Thiel is also chairman of data-mining company Palantir. His firm's often accused of being evil, but that's never been proved. Notable clients include Lord Voldemort, Darth Vader, and Satan.
Say what you want about Thiel, but the guy’s got it going on upstairs. He co-founded PayPal, which eventually became a rather large company. Thiel also recognized how much everyone loves seeing photos of other people’s children, food, and vacations, so decided to become Facebook’s first outside investor. And, as Gawker found out, you don't want to piss him off.
Likes: Donald Trump, the US legal system, living forever, New Zealand, Hulk Hogan, capitalist Star Wars, Lord of the Rings.
Dislikes: Gawker, Hillary Clinton, Meryl Streep, sugar (apparently), communist Star Trek.
Name: Mark Zuckerberg
Titles: CEO, Chairman of Facebook
During his college years, Zuckerberg created a program called Facemash that let users pick which person from a selection of photos was hotter. Some complained that this violated their privacy – a concept Zuck still seems unable to comprehend. Or maybe he just doesn’t care.
Almost fifteen years after he launched thefacebook.com, he’s now one of the five richest people on Earth, all thanks to Zuck’s ingenuity and his ability to ‘find inspiration’ from the Winklevoss twins and Divya Narenda.
While most of us use Facebook to discover just how awful people can be, Zuckerberg has always said the aim of the platform is to bring everyone together. It’s also helpful for scooping up petabytes of personal data, which the CEO greedily consumes like a pig ramming its snout into an information-rich trough.
2018 has certainly been Zuckerberg’s annus horribilis. Cambridge Analytica was a watershed moment when it comes to how companies deal with users’ privacy, and as soon as the dust settled on one data breach, another popped its head up. The ‘Bergmeister,’ as he’s known to his friends, also appeared before Congress this year, where he said he’d either “follow up” or “get back” to a question 31 times. His unblinking eyes and pallid complexion at the time made him resemble an alien, an android, or both – like the offspring of Lieutenant Commander Data and the Borg queen.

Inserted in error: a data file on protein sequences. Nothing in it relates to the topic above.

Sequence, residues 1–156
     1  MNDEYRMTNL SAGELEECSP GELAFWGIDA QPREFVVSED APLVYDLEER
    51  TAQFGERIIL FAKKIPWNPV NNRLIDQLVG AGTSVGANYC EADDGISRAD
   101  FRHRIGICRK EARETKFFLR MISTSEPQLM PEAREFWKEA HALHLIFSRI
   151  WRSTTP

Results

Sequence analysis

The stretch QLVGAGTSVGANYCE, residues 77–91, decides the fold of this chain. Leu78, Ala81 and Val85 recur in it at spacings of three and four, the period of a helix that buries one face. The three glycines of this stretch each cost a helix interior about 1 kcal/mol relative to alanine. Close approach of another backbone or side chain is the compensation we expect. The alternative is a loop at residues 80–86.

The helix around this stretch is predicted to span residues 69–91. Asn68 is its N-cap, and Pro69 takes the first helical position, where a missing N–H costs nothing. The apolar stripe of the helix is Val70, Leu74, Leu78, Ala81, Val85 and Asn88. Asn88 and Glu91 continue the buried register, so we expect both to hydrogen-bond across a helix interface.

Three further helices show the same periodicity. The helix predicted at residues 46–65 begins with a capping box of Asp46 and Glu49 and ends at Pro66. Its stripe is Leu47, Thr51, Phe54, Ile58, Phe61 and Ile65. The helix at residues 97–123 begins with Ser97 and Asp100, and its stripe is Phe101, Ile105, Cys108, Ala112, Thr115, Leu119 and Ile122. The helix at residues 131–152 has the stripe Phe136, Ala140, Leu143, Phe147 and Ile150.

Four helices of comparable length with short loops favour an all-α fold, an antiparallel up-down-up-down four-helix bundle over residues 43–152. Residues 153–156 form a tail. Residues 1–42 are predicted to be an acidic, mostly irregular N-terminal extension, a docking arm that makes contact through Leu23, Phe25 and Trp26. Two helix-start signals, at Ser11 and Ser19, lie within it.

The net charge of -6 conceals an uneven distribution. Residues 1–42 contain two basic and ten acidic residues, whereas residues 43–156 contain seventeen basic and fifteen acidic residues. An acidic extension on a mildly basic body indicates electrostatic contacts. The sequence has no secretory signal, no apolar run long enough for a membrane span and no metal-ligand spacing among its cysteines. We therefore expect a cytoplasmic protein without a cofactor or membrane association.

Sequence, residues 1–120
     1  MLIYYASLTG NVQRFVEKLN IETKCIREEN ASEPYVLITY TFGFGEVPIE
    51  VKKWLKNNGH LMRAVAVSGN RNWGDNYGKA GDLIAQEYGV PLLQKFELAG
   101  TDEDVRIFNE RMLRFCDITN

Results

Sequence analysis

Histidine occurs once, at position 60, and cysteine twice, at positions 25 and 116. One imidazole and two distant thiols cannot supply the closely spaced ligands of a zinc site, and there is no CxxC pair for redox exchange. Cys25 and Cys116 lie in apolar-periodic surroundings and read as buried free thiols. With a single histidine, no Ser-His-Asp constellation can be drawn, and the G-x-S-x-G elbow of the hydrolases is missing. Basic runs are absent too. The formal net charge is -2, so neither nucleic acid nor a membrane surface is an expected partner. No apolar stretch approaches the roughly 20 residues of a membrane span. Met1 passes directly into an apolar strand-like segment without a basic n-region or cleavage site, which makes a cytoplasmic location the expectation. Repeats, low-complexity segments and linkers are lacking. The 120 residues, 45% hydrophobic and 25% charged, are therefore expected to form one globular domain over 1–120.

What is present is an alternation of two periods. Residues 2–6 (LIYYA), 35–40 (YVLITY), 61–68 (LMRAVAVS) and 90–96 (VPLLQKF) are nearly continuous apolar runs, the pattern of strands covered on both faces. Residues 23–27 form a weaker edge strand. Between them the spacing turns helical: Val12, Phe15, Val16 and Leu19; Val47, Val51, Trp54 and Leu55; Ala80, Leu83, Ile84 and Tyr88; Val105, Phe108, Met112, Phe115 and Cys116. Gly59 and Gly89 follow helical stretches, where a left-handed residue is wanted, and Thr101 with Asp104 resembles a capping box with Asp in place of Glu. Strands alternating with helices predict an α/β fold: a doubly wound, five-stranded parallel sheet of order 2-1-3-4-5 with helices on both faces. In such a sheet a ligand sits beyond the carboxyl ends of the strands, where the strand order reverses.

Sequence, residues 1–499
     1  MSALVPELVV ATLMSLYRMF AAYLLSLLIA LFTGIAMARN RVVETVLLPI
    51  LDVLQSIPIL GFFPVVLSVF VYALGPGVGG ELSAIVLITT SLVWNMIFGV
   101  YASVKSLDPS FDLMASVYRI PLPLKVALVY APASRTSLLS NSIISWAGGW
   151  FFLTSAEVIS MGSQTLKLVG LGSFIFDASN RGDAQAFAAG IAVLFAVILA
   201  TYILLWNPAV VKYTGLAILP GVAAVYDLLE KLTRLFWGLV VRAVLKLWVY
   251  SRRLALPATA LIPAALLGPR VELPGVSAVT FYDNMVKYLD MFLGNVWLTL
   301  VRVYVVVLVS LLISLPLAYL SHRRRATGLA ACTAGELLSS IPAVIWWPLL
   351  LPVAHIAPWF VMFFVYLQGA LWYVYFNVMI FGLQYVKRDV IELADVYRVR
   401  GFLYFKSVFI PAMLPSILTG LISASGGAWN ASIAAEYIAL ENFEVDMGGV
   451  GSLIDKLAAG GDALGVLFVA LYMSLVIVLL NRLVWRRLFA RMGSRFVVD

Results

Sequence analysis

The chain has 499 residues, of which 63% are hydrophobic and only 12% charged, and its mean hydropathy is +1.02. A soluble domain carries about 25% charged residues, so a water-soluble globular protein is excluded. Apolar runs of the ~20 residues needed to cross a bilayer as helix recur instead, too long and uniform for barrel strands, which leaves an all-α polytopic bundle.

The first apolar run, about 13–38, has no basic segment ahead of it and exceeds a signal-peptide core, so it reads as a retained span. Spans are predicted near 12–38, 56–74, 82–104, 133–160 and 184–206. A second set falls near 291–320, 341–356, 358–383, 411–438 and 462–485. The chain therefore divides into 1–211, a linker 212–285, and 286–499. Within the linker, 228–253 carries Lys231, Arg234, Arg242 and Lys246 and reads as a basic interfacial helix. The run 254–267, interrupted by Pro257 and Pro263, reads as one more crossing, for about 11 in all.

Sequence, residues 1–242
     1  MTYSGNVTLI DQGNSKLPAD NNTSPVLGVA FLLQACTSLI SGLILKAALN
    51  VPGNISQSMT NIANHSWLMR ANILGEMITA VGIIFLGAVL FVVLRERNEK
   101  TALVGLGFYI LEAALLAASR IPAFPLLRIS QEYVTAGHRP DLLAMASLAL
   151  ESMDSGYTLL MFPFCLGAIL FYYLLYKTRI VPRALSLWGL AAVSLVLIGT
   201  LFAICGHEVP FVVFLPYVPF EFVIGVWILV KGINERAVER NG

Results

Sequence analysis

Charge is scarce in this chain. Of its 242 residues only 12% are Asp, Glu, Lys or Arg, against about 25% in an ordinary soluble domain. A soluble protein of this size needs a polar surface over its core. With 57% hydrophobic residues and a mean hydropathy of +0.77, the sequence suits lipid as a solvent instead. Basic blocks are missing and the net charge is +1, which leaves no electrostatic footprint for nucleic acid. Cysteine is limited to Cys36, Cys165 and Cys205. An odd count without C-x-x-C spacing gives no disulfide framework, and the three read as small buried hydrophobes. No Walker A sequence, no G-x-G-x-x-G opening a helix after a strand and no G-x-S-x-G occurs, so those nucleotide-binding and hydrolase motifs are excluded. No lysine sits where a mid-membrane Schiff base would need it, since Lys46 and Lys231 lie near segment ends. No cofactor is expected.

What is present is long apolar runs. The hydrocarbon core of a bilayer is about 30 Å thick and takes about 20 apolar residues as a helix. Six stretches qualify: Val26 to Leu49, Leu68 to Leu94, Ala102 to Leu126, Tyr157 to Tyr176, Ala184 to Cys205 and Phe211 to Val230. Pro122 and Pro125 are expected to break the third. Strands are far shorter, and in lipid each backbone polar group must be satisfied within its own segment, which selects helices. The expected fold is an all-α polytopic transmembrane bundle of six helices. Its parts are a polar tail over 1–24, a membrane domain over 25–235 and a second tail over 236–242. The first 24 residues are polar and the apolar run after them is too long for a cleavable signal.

Zuckerberg also has to deal with election interference, extremism, claims of bias, bots, and fake news – a term many now use for something they either don’t agree with or find hard to accept. But despite the outcry, the only consequences for Facebook is a slowing user growth rate, and that’s partly because most of the world is already on the platform.
In his spare time, Zuckerberg likes to write down as many digits of Pi as he can remember.
Likes: Your personal data, advertisers, AI, people who don’t care about privacy, China.
Dislikes: Russian bots, Tim Cook, election interference, The Social Network movie, lawsuits, Donald Trump.
Titles: Executive Chairman of Alibaba
Being the co-founder and chairman of the Alibaba Group, aka China’s Amazon, can put a lot of stress on a person. Thankfully, Jack Ma’s love of theatrics helps him deal with the pressure of running a company with a $40 billion per year revenue.
With an estimated net worth of $37.6 billion, Ma is Asia’s richest man, but that doesn’t make him a stuffed shirt. At his firm’s 18th birthday celebrations last year, he took to the stage on a motorbike before breaking into a Michael Jackson-inspired dance routine. But that was nothing compared to his moving rendition of Can You Feel The Love Tonight (skip to the 01:16 mark in the video below) while looking like a character from Cyberpunk 2077. He often says that having so much money isn’t a good thing – yeah, you can’t help but feel sorry for him.
Like most short guys, myself included, Ma is ambiguous about his height: it seems to vary between just under 5 foot to 5 foot, 5 inches. But even though he’s no imposing giant, you don’t want to mess with him. Ma’s heavily into martial arts, especially Chen-style Tai Chi Chuan. He even appeared in a short movie that saw him kick the asses of Donnie Yen, Jet, Li, Tony Jaa, Sammo Hung, Natasha Liu Bordizzo, and many more famous Asian stars.
Ma has been equally cagey about revealing his political affiliations. He did once say of the Chinese government: “be in love with them, but don’t marry them,” which is probably one of the nicest things ever said about Xi Jinping and his pals. But last month, Ma, the face of Chinese capitalism, was outed as a communist party member.
Likes: Showtunes, Tai Chi, Disney, communism, Alibaba, China and its ruling party, Singles Day.
Dislikes: Being incredibly rich, stress, the trade war.
Title: CEO of Apple